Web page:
Feeding and connecting Asia


Denis Marie: CEO, SATS India

Leading people through crises

With his background in security forces and no-nonsense demeanour, SATS India CEO, Denis Marie may cut an intimidating figure on paper.

SATS_Denis Marie 

In person, the jovial conversationalist kept an audience of about 188 people riveted with bite-sized anecdotes and insights from his 20-year career in SATS during his In Conversation With Senior Management webinar.

Before moving to India, where he is responsible for operational planning and new business opportunities, Denis held various management positions including Senior Vice President of Apron and Passenger Services. Today, apart from managing operations in India, he concurrently oversees the operations of SATS Security Services Pte Ltd in Singapore.

Looking back, Denis shared that even the best-laid plans can sometimes be thrown into disarray.

“You can make plans but life will throw you curveballs. When I joined SATS in 2001, I was tasked to take over Security Services in the aftermath of the September 11 attacks. Overnight, the airport changed from a very peaceful environment to a very chaotic one,” he recalled.

“What I learnt from experience is that in SATS, you don’t have to always be the domain expert. When I first moved to Passenger Services years ago, I had little knowledge of it and there were people like Goh Siang Han, who was the Vice President of Passenger Services then, who helped me carry the show.”

Different cultures, different challenges

Even for the business veteran, being immersed in India for 1.5 years was an eye-opener.
“People in India are super friendly. It’s a challenging yet enjoyable place to be in. At the same time, it helps that the Singapore brand carries a lot of weight – it represents efficiency and anti-corruptibility.”

However, when operating in environments where things are not just black and white, Denis observed that it calls for a balanced approach and to always be mindful of our values as an organisation.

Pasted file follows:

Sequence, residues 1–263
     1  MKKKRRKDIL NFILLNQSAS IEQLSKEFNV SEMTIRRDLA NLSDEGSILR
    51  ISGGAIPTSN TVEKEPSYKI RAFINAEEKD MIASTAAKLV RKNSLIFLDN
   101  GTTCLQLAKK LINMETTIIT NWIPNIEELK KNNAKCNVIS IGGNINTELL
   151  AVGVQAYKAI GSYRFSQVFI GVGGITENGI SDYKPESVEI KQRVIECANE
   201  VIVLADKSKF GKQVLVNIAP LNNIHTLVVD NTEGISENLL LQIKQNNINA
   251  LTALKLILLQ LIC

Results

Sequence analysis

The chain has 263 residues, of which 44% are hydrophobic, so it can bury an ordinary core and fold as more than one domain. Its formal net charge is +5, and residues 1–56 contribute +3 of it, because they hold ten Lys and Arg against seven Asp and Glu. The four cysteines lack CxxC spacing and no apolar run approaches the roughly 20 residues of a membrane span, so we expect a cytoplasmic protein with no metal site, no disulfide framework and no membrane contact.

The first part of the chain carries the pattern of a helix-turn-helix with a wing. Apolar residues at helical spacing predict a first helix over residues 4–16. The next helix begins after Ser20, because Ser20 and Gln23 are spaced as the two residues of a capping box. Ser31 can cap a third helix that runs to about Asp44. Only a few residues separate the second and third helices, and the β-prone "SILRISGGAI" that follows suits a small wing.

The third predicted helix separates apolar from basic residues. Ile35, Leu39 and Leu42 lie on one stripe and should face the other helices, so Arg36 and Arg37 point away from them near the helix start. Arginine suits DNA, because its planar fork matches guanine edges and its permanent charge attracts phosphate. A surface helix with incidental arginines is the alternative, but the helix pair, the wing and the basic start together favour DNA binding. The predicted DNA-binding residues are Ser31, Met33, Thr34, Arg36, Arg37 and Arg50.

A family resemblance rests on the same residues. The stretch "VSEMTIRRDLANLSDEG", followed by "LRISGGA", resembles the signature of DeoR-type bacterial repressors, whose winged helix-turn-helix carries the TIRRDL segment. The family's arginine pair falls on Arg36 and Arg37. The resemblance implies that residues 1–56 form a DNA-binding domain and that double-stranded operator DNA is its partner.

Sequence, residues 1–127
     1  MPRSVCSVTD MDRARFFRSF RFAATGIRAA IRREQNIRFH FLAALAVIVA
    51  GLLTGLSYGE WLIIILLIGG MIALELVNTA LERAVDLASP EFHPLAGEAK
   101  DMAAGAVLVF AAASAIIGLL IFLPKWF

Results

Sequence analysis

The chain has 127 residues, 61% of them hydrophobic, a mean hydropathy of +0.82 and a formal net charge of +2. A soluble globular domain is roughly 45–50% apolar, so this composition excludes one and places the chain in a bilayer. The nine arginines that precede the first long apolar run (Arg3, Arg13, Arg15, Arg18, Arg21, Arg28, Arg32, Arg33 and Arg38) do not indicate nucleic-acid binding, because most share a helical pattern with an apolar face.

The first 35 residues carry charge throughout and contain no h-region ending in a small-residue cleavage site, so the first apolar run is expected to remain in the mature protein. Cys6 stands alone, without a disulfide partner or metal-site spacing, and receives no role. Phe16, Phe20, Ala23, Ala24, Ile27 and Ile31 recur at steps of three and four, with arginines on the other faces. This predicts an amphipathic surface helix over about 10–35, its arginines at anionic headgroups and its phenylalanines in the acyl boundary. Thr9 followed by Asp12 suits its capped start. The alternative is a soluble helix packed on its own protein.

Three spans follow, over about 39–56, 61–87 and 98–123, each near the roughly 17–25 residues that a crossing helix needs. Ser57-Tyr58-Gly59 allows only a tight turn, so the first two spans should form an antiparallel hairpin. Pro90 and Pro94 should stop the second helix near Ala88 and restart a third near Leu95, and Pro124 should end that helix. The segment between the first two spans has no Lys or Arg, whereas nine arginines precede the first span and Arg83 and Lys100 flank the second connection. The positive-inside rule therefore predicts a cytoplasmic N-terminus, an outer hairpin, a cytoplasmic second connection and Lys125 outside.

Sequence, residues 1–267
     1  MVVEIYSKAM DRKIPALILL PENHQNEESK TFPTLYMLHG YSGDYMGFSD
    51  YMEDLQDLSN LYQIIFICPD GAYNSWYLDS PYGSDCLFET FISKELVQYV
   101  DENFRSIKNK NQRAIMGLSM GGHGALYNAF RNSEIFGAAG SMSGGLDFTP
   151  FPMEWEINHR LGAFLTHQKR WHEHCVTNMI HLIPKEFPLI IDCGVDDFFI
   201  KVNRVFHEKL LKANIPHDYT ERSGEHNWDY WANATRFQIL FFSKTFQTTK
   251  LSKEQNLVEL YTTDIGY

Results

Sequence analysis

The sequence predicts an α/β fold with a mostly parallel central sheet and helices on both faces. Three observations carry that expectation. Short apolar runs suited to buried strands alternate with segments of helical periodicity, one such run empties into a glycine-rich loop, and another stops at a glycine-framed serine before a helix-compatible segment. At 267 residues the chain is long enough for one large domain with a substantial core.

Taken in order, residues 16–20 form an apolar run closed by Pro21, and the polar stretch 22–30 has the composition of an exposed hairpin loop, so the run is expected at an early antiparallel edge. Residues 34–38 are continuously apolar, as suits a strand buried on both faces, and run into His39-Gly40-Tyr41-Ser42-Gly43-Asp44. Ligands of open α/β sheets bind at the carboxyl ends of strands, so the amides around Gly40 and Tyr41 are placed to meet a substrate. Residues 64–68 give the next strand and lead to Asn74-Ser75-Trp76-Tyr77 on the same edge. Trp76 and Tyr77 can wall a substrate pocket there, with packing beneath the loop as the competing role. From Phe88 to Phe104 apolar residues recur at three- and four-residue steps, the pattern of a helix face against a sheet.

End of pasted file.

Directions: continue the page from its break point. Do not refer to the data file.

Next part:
For those who are looking for overseas opportunities to enhance their resumes, Denis' advice is to keep an open mind to “accept new experiences while working away from home, and adapt to different cultures and ways of living.”

“If you have a desire to go overseas, become an expert in what you currently do, so that you can add value,” he added.

On travelling during COVID-19

On travelling in the era of COVID-19, Denis is ambivalent and cautiously optimistic. While ground handling remains an enabler, the focus is on air cargo and food solutions beyond aviation with high levels of productivity and automation as our edge.

“My guess is as good as anyone’s but for now, people are not comfortable with travelling and countries are not open to accepting travellers. Governments are trying their best to form green corridors and travel bubbles. The nature of travel has also changed and food served is going to be different, with contactless service becoming essential.

“If we don’t adapt to these changes for a new way of travelling, it will be difficult to catch up. For instance, Bangalore’s airport is now one of the most contactless in the region.”

Look for the nuggets of good

On the subject of role models, Denis thinks everyone has their good and bad points. “I think the answer is to not look for a mentor or role model but rather, to look for the ‘nuggets’ of good to take from each person you interact with and see if you can learn from it.”

Having served close to 40 years across two organisations including SATS, Denis is well-placed to answer the question on how to evaluate one’s career trajectory.

“I’ve been reasonably happy with the progress I’ve made in my career, and I’m not the type of person who looks to role models for guidance. We expect so much from our bosses, but bosses are human and just as imperfect as all of us", he shared.

When asked how he survived tough moments at work, Denis posed a question in return - “What is it that you need to do to be happy at your job?”

“I would also say, keep the faith, as all businesses operate in cycles, just as in life. Consider if the factors stopping you from doing well are within your control. If they are, then you can evaluate your options. If they are not, you have to ride out the wave, strategise, and change direction.

“Whatever decision you make, don’t regret it.”